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Virginia Institute of Theoretical Astronomy

Founded in 1985, VITA is a center for research on theoretical problems in astronomy and astrophysics at the University of Virginia within the Department of Astronomy. VITA is funded in part by research grants from NASA and the National Science Foundation.

Formation and Evolution of Stars and Exoplanets

Zhi-Yun Li studies many topics in star formation, including molecular clouds, dense cores, protostellar disks and magnetohydrodynamic winds from disk systems.

Phil Arras works on issues related to extrasolar planets, including cooling models of gas giants, hot Jupiter's magnetospheres and tidal interaction between planets and their host stars.

Jonathan Tan works on theoretical models, including simulations, of the formation of galaxies, stars, planets and supermassive black holes. 

Computational Astronomy, Accretion, and Radiative Transfer

Shane Davis studies the accretion physics and magnetohydrodynamics through numerical simulations.

Shazrene Mohamed uses hydrodynamic simulations to investigate mass transfer in binaries, stellar winds and explosions, stellar collisions and star-planet interactions.


Roger Chevalier studies supernovae and their interaction with their environment. He has worked on models for neutrino-cooled neutron star accretion in SN1987A. He also studies mechanisms for shock wave emission and instabilities.

Galaxy Clusters

Craig Sarazin and his group study astrophysics of galaxy clusters. Their theoretical work includes central cooling flows in clusters and cluster mergers, and complements their work with data obtained from UV and X-ray observatories.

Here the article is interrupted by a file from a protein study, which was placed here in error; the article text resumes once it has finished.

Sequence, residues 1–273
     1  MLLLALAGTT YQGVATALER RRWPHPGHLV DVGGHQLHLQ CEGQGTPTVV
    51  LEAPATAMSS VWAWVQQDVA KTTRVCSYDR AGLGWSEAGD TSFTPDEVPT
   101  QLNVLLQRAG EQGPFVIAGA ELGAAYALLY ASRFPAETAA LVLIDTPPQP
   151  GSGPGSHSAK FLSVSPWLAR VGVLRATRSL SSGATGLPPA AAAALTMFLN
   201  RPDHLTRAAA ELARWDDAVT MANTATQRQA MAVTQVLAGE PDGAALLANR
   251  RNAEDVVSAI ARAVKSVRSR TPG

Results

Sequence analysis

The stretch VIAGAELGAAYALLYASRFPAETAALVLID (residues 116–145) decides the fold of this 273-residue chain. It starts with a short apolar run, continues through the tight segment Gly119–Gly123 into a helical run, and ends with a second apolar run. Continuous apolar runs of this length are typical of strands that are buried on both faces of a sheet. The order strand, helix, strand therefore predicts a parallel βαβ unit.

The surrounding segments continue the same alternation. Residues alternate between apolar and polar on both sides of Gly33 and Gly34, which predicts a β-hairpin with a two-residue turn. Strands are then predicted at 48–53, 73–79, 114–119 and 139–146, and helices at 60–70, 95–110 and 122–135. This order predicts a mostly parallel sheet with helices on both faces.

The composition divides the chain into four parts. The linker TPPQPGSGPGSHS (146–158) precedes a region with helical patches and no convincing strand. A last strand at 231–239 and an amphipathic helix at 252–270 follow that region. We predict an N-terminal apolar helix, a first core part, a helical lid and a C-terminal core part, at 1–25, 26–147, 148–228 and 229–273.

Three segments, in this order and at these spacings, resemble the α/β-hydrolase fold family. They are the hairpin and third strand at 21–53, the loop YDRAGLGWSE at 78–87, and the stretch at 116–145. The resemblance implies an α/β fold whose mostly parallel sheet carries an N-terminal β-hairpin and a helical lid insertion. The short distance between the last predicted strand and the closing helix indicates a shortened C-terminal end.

Bill Saslaw studies gravitational clustering and the formation of large scale structure in the universe.

Interstellar Medium

Roger Chevalier studies the interaction of supernovae with the surrounding interstellar medium.

Shazrene Mohamed studies the interaction of stellar outflows with the interstellar medium.

Galaxy Formation and Evolution

Paul Torrey studies the origin and evolution of galaxies including the impact of star formation and associated feedback, the growth of supermassive black holes, and the underlying assumptions in our cosmological models including the nature of Dark Matter.


The University of Virginia's Advanced Research Computing Services operates Rivanna, a traditional high performance computing cluster with over 6300 computing nodes.